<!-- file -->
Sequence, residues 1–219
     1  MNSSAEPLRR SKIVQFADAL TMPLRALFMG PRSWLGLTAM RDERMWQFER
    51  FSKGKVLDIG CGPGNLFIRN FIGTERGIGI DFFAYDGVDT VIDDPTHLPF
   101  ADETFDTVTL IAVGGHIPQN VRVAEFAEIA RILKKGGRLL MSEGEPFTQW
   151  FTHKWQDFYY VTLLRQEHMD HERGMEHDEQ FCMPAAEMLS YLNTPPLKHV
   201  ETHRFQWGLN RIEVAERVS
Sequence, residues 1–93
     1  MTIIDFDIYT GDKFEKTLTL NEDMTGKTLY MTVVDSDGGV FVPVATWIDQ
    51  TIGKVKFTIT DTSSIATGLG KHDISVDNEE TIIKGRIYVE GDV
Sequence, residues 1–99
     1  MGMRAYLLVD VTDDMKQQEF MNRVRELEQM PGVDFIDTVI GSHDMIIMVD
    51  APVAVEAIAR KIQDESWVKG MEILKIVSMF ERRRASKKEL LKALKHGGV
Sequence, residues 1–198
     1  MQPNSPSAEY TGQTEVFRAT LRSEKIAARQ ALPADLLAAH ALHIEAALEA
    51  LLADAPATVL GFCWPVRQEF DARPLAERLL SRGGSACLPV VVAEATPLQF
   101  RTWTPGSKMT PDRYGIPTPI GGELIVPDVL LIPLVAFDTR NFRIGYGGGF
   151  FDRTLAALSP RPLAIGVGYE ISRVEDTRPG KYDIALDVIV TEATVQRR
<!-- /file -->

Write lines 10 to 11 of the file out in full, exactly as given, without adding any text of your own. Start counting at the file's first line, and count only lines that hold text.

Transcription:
Sequence, residues 1–99
     1  MGMRAYLLVD VTDDMKQQEF MNRVRELEQM PGVDFIDTVI GSHDMIIMVD